His persona attracted the attention of Canadian commentatorEzra Levant, who described Robinson’s views as “clear and philosophical” in a 2016 video.

Levant offered Robinson an overseas platform for his opinions and videos: the Canadian alternative political commentary network, Rebel Media, which has stoked controversy with its coverage of issues such as immigration and climate change.

On The Rebel’s YouTube page, Robinson’s videos regularly racked up hundreds of thousands of views. In one such clip, Robinson sits down with an imam and tells him “we don’t have to stop extremist Islam, we don’t have to stop radical Muslims, we have to stop Islam in the U.K.”

Other international support comes from the U.S.-based Middle East Forum. The think tank says it provided tens of thousands of dollars “about the mid-five figures” to support Robinson’s court battle, as well as street demonstrations for his release.

“It’s not about the oxygen it’s giving to [Robinson’s] comments, it’s about his right to say it,” Gregg Roman, the organization’s chief operations officer, told CBC News in an interview in Washington, D.C.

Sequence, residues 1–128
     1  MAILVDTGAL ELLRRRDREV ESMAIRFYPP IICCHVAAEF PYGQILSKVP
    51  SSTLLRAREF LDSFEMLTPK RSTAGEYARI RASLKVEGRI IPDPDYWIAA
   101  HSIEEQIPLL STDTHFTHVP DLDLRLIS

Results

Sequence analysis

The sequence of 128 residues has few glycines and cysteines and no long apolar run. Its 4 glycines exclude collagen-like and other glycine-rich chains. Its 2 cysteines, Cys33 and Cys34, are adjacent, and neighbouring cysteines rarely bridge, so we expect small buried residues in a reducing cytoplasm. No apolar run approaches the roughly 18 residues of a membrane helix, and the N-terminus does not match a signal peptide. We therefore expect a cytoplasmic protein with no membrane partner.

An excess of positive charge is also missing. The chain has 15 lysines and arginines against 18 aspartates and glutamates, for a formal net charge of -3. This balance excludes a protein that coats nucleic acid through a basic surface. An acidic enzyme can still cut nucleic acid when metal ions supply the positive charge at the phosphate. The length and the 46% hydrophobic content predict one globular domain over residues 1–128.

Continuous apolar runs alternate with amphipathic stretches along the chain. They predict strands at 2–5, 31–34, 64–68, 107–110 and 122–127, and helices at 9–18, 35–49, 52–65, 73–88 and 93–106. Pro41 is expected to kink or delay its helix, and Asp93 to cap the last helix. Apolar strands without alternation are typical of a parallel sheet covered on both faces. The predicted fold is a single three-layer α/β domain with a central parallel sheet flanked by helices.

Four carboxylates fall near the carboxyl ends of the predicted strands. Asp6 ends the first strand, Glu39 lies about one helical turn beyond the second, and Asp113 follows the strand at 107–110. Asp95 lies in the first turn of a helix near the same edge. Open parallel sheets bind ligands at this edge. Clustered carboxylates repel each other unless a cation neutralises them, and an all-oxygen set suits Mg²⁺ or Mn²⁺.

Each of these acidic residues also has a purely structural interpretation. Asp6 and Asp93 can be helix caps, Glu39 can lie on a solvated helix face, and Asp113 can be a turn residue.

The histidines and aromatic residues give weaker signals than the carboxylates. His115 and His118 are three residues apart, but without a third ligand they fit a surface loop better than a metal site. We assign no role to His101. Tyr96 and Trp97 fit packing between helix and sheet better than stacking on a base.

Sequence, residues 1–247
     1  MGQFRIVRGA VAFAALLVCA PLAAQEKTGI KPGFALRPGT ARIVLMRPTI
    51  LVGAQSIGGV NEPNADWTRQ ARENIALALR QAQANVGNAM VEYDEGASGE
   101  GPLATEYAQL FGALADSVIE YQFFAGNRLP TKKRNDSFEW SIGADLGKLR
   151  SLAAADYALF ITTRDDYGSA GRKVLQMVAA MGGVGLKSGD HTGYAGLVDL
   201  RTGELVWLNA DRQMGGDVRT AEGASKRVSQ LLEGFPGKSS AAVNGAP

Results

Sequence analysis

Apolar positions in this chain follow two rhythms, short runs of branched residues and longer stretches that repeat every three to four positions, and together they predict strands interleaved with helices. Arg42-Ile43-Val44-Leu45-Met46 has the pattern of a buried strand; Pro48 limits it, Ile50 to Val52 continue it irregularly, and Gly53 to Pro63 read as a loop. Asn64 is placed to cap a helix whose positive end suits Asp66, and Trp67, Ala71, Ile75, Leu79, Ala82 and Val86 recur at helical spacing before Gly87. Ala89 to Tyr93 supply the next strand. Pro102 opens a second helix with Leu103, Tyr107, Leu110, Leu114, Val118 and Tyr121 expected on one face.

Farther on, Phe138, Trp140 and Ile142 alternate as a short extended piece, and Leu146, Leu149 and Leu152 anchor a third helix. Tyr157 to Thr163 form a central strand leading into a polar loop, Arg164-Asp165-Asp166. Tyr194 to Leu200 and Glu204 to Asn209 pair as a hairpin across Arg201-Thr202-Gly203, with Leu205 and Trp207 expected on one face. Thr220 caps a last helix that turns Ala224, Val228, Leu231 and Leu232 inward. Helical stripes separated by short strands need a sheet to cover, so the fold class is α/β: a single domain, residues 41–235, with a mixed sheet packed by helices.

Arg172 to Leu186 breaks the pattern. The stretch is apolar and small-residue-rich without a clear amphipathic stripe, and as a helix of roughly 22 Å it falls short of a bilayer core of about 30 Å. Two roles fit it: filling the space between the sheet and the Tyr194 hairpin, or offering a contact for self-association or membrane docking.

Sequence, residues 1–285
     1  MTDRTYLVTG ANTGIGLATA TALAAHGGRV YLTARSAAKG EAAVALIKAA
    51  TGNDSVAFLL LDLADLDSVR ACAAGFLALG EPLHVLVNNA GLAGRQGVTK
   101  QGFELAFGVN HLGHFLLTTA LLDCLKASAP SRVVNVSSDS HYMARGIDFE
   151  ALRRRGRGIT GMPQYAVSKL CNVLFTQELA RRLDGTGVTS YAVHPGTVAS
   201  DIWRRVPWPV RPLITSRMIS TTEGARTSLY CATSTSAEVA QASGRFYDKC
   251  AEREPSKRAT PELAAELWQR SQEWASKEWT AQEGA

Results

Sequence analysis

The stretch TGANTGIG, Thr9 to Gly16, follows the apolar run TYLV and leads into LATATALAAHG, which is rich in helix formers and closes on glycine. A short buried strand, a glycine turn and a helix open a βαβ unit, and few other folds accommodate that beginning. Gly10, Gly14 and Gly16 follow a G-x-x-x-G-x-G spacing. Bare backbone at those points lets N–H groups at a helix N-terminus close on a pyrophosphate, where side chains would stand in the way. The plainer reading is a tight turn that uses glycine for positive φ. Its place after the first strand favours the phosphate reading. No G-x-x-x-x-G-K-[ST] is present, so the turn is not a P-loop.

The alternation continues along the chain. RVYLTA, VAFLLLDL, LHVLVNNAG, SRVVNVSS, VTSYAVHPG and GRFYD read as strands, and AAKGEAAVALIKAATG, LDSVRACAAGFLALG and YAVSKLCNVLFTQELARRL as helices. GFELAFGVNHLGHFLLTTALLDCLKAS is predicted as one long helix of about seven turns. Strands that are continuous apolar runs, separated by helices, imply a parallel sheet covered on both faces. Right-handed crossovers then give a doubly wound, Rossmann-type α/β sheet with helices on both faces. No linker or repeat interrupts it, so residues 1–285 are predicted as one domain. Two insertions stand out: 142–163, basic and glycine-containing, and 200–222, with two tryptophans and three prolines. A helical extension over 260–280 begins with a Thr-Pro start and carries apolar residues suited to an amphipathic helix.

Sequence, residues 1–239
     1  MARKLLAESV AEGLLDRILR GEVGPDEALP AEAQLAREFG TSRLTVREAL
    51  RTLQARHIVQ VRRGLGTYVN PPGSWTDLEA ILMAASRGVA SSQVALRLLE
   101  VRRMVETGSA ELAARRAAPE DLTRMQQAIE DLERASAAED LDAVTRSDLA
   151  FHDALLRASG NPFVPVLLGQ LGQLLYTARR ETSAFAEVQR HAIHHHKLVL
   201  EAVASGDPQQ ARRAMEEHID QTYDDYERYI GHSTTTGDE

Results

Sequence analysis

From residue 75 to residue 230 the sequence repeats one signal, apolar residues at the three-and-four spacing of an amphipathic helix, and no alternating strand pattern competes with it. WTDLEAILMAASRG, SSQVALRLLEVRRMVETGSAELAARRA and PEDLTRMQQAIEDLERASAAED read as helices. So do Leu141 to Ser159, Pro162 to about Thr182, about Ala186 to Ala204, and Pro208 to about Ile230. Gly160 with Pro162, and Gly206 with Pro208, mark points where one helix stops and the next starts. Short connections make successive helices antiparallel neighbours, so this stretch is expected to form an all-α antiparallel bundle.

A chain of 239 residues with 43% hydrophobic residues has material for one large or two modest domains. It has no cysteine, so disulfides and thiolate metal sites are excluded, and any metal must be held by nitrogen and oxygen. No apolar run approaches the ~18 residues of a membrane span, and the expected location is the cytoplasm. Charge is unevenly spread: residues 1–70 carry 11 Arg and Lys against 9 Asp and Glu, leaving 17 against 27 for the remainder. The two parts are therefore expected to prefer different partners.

“It’s important for an American organization to stand up for an individual talking about the threat of Islamism in his community,” he said, “because what’s going on there could also and is also occurring here in the United States.”

There’s been much speculation about what Robinson will do with his newfound worldwide support if he doesn’t return to prison. Bannon is reportedly considering Robinson for a role in his new European populist foundation.

Humble, the former EDL member, worries about increased divisions in society stoked by the likes of Robinson. He likens Britain to a volcano “just simmering, waiting for the eruption.”

That eruption, he says, could be triggered from something simple like “Tommy getting jailed again.”

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Tommy Robinson: Jailed UK far-right activist has some big …

But when Donald Trump’s former chief strategist Steve Bannon appeared on a radio show hosted by his populist fellow traveler Nigel Farage at the time of the US President’s controversial visit to the UK earlier this month, he talked of Robinson as something of a cause clbre.

US official raises Robinson case

British officials do not deny that a meeting about issues of religious freedom took place, and that Robinson’s case was raised.

An official at the British Embassy would only say: “The characterization of the details of the conversation is not accurate.”